I wasn't sure what I would have to share about hosting (that wasn't a rules suggestion or a dire warning), but the other day I was thinking about our most recent guest who came to us for quite possibly my favorite reason yet. And I wondered what I would find if I looked back upon why guests had come to us over our last 14 months of hosting. Here is what I found...
Summer Vacation x6
Working in Austin x5 (beauty consultant, movers, pastor, musicians)
Attend a Wedding x4
Music festival x4
Visit family for holidays x4
Get out of the city weekend x3
Bachelorette weekend x3
Cross-country friends meet up x3
Bachelor weekend x2
Avoiding home after a breakup
Escaping far north winter
Moto GP Races
RV traveling pitstop
Mother/Daughter Sorority weekend
University Parent’s Weekend
College Roommates Reunion
College Football game - their team beat the local team!
Week in Texas and a Wedding on the Barn Porch
**Meet a new grand baby
We built the barn for our family to enjoy together. And we've hosted some really fun celebrations of our own up there in the last 14 months, but it was also enjoyable to see that our out of the way, funky backyard space has also become a part of so many other families' memories as well. It makes me smile to know that when those grandparents think back on meeting their new grandbaby, our Big Red Texas Barn will be a part of that.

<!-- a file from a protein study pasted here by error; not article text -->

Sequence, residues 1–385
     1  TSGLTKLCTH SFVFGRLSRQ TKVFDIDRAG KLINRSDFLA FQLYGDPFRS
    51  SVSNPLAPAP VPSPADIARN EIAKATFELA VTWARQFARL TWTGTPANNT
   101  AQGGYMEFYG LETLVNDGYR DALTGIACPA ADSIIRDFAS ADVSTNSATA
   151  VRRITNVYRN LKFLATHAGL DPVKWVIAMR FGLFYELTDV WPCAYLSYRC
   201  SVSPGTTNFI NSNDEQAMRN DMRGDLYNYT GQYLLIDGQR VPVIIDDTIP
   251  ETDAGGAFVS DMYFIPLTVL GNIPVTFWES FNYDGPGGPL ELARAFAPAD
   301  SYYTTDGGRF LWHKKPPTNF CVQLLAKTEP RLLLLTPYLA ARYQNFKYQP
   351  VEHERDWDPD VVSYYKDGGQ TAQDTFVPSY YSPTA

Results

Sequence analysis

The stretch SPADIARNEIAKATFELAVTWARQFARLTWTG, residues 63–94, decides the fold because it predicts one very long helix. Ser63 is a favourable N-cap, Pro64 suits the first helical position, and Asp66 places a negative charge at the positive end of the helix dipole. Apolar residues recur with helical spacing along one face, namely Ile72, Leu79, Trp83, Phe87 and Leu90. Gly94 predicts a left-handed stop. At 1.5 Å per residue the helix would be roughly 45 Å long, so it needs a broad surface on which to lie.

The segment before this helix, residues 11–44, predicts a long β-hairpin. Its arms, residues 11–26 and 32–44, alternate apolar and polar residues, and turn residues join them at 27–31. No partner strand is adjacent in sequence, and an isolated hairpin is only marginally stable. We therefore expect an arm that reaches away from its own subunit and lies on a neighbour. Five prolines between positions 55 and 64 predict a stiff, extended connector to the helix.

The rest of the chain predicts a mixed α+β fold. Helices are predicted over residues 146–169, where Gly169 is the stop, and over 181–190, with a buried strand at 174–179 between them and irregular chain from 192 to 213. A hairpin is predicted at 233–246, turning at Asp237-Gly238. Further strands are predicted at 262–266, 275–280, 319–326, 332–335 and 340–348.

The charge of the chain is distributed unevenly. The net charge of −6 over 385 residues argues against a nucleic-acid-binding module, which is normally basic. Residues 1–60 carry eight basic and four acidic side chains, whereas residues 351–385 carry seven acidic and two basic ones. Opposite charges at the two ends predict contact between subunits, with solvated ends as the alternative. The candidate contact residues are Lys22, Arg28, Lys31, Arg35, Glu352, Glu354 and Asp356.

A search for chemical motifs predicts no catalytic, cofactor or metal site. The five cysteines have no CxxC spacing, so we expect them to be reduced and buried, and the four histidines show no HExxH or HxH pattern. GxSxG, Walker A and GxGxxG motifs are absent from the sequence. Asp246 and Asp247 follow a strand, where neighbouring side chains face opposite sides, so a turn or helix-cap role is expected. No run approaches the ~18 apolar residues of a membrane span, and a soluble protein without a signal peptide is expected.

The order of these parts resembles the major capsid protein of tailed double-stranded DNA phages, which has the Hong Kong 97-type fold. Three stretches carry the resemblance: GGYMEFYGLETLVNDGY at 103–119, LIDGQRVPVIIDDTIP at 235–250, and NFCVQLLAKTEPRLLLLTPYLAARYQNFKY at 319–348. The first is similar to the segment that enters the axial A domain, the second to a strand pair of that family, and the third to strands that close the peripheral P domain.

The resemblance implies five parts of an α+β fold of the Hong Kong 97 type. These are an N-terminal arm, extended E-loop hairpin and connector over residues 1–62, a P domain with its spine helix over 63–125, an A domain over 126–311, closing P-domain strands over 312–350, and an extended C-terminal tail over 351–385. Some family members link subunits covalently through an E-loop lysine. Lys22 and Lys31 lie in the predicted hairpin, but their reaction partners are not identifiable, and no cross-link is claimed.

Best wishes for happy travels & hosting for you all, Kelly
Hi @Kelly, what a funky space or a holiday or other short stay!
And what a great idea to count the reasons for the stays. Such a statistic gives you a good overview, why your guests come and it would allow you also to decide, which kind of guests were favourites and to decide if you want to target those reasons especially to get those kind of stays. Unfortunately, even if the most favourite would be very eaasy to promote - a toy on a shelf here and there, a swimming duck in the bathtub ;-) , that is the least predictable event.
You get quite a lot of bachelor and bachelorettes events, if you add them up. Do they work very well in your space? Obviously the space is greatt, but so they treat it respectfully?
@Helga Yes, we've had quite a few bachelor/ette groups and even several of the other types have been young groups of friends. Gathering back up for a reunion after they'd spread out to various other locations or to celebrate one's birthday or a mutual friend's wedding or to come for some fun/sun/or other activity. I think we might be a 40/60 split on unrelated groups vs. family or a couple.
There are several reasons for this: it's a funky space and maybe youngers are more comfortable with trying something out of the ordinary, our 8 beds are all singles so a group can be cosy without sharing a bed, an 8 person rental is banned by the nearest municipality (I'm 4 houses outside the city line, so I'm close to activities but outside the stringent rules).
The groups love the barn for their friend gatherings! It's very nearly one huge room so they have lots of room to spread out, but they're still together rather than being split up, the bathroom is very spacious and I designed the whole thing to be festive and fun (it is where we throw most of our own parties).